The underlying space of Theorem 2 is a generalized metric space. This interesting concept was introduced by Branciari [14]. See also [15–18] and others. However, we omit the statement of the definition of a generalized metric space because it is not essential in this paper.
In this paper, motivated by Theorem 2, we deepen the study of contractions of integral type. We also give an alternative proof of Theorem 2.
Preliminaries
Throughout this paper we denote by \(\mathbb {N}\) the set of all positive integers and by \(\mathbb {R}\) the set of all real numbers. For a function f, we denote by \(\operatorname {Dom}(f)\) the domain of f.
Let f be a function from a subset of \(\mathbb {R}\) into \(\mathbb {R}\). Then f is said to satisfy (U)_{ f } if the following holds:
 (U)_{ f } :

For any \(t \in \operatorname {Dom}(f)\), there exist \(\delta> 0\) and \(\varepsilon> 0\) such that \(f(s) \leq t  \varepsilon\) holds for any \(s \in(t\delta,t+\delta) \cap \operatorname {Dom}(f)\).
We list some further notation in order to simplify the statement of the results of this paper:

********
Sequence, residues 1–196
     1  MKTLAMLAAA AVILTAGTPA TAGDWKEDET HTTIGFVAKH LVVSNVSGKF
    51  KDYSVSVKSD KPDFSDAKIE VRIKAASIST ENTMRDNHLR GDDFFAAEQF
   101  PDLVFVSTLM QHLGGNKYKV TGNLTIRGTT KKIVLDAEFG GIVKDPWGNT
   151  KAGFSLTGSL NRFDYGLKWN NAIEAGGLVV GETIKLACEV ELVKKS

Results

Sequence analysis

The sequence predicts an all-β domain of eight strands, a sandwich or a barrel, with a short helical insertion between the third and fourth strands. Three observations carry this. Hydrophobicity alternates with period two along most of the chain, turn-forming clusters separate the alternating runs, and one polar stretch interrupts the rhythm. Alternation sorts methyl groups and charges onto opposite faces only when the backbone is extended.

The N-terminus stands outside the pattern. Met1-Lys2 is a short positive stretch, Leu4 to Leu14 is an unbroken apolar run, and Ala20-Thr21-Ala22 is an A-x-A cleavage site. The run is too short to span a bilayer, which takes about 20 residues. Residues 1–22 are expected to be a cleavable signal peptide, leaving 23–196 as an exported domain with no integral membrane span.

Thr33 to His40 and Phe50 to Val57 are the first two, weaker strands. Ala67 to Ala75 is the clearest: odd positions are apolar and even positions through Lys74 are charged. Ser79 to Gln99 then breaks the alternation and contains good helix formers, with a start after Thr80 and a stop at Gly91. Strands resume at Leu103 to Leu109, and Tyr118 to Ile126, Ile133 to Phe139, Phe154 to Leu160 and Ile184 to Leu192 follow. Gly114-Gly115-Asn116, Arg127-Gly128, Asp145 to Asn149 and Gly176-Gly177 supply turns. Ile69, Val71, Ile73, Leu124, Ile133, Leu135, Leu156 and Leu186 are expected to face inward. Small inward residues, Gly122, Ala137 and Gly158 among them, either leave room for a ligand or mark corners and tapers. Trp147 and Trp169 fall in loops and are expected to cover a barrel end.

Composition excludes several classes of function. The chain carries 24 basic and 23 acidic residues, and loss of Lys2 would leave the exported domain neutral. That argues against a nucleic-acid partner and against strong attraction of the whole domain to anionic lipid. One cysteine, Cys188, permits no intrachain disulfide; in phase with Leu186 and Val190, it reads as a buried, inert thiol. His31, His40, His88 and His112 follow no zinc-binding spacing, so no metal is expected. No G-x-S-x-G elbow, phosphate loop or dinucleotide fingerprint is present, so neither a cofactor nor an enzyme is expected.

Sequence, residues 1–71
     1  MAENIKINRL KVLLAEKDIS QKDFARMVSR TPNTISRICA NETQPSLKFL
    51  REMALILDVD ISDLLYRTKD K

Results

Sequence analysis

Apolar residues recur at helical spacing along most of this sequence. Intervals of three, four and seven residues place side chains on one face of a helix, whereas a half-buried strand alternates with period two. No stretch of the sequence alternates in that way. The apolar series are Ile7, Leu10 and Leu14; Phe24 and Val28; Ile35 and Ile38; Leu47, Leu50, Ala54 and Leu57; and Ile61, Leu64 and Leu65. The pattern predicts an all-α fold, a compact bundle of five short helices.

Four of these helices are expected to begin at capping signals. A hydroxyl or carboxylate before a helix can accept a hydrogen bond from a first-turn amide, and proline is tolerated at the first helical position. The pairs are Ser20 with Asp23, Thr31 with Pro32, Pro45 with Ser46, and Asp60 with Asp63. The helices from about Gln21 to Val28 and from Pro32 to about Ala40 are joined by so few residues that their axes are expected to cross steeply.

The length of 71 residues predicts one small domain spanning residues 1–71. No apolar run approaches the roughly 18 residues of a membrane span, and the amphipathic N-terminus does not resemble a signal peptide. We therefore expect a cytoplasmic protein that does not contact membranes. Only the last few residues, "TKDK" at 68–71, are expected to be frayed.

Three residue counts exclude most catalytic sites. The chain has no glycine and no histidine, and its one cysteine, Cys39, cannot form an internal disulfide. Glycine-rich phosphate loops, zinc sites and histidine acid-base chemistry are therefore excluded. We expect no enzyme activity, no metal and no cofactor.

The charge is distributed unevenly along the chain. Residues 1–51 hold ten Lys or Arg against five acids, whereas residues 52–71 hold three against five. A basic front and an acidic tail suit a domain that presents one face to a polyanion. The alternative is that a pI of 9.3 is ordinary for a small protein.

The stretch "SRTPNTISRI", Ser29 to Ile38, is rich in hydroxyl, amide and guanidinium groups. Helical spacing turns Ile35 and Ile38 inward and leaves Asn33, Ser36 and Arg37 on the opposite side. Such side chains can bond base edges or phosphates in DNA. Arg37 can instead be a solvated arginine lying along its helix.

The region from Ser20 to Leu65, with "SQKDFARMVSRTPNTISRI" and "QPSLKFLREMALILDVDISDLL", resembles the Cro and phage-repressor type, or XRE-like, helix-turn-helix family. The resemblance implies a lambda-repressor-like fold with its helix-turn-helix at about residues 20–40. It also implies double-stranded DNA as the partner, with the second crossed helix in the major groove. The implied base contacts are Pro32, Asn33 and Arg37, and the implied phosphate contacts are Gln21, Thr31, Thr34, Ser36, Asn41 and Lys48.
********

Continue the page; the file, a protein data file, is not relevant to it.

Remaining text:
(A1)
Let Y be an arbitrary set and let h be a function from Y into \([0,\infty)\). Let S be a mapping on Y satisfying that \(h(x) = 0\) implies \(h(Sx) = 0\) for any \(x \in Y\).

(A2)
Let θ be a function from \((0,\infty)\) into \(\mathbb {R}\). Put \(\Theta= \theta ( (0,\infty) )\) and
$$\Theta_{\leq}= \bigcup \bigl\{ [t,\infty) : t \in\Theta \bigr\} . $$
The purpose of this study is to obtain the mathematical structure of contractions mentioned in Section 1. So, we simplify our setting as follows:
Definition 3
Assume (A1).

S is said to be a Browder contraction if there exists \(\varphi\in\varPhi\) such that
$$ h(Sx) \leq\varphi\circ h(x) $$for any \(x \in Y\).

S is said to be a CJM contraction if the following hold:

(j)
For any \(\varepsilon> 0\), there exists \(\delta> 0\) such that \(h(x) < \varepsilon+ \delta\) implies \(h(Sx) \leq\varepsilon\).

(jj)
\(h(x) > 0 \) implies \(h(Sx) < h(x) \).

(j)
Remark
Let \((X,d)\) and T be as in Definition 1. Put \(Y = X \times X\) and define h and S by \(h ( (x, y) ) = d(x, y)\) and \(S(x, y) = (Tx, Ty)\). Then the concept of Browder contraction in Definition 3 becomes that in Definition 1 and the concept of CJM contraction in Definition 3 becomes that in Definition 1.
We give some lemmas concerning (U)_{ f }.
Lemma 4
Let f be a function from a subset of \(\mathbb {R}\) into \(\mathbb {R}\). Then f satisfies (U)_{ f } iff
holds for any \(t \in \operatorname {Dom}(f)\).
Remark
We define \(\limsup [ f(u) : u \to t, u \in \operatorname {Dom}(f) ] = \gamma\) iff the following hold:

There exists a sequence \(\{ u_{n} \}\) in \(\operatorname {Dom}(f)\) such that \(\{ u_{n} \}\) converges to t and \(\{ f(u_{n}) \}\) converges to γ.